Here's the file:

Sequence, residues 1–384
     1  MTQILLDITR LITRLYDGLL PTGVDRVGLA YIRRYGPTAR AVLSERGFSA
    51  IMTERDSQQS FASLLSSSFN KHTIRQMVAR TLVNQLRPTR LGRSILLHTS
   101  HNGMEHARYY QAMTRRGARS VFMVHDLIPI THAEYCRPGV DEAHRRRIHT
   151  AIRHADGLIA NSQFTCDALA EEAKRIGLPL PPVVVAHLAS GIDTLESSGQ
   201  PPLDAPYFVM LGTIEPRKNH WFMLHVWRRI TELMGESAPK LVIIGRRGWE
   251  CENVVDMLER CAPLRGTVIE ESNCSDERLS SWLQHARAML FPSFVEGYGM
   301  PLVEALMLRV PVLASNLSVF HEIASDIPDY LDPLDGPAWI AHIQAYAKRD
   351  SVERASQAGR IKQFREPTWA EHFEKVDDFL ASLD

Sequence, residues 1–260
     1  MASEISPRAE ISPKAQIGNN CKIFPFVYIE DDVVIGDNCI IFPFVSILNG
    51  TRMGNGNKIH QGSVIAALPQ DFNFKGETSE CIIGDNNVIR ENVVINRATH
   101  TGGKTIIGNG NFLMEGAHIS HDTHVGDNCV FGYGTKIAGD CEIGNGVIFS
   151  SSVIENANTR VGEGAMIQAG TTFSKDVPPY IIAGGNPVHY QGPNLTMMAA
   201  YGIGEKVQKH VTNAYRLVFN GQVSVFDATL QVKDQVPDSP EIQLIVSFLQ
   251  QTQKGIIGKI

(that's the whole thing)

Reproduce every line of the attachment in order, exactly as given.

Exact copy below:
Sequence, residues 1–384
     1  MTQILLDITR LITRLYDGLL PTGVDRVGLA YIRRYGPTAR AVLSERGFSA
    51  IMTERDSQQS FASLLSSSFN KHTIRQMVAR TLVNQLRPTR LGRSILLHTS
   101  HNGMEHARYY QAMTRRGARS VFMVHDLIPI THAEYCRPGV DEAHRRRIHT
   151  AIRHADGLIA NSQFTCDALA EEAKRIGLPL PPVVVAHLAS GIDTLESSGQ
   201  PPLDAPYFVM LGTIEPRKNH WFMLHVWRRI TELMGESAPK LVIIGRRGWE
   251  CENVVDMLER CAPLRGTVIE ESNCSDERLS SWLQHARAML FPSFVEGYGM
   301  PLVEALMLRV PVLASNLSVF HEIASDIPDY LDPLDGPAWI AHIQAYAKRD
   351  SVERASQAGR IKQFREPTWA EHFEKVDDFL ASLD

Sequence, residues 1–260
     1  MASEISPRAE ISPKAQIGNN CKIFPFVYIE DDVVIGDNCI IFPFVSILNG
    51  TRMGNGNKIH QGSVIAALPQ DFNFKGETSE CIIGDNNVIR ENVVINRATH
   101  TGGKTIIGNG NFLMEGAHIS HDTHVGDNCV FGYGTKIAGD CEIGNGVIFS
   151  SSVIENANTR VGEGAMIQAG TTFSKDVPPY IIAGGNPVHY QGPNLTMMAA
   201  YGIGEKVQKH VTNAYRLVFN GQVSVFDATL QVKDQVPDSP EIQLIVSFLQ
   251  QTQKGIIGKI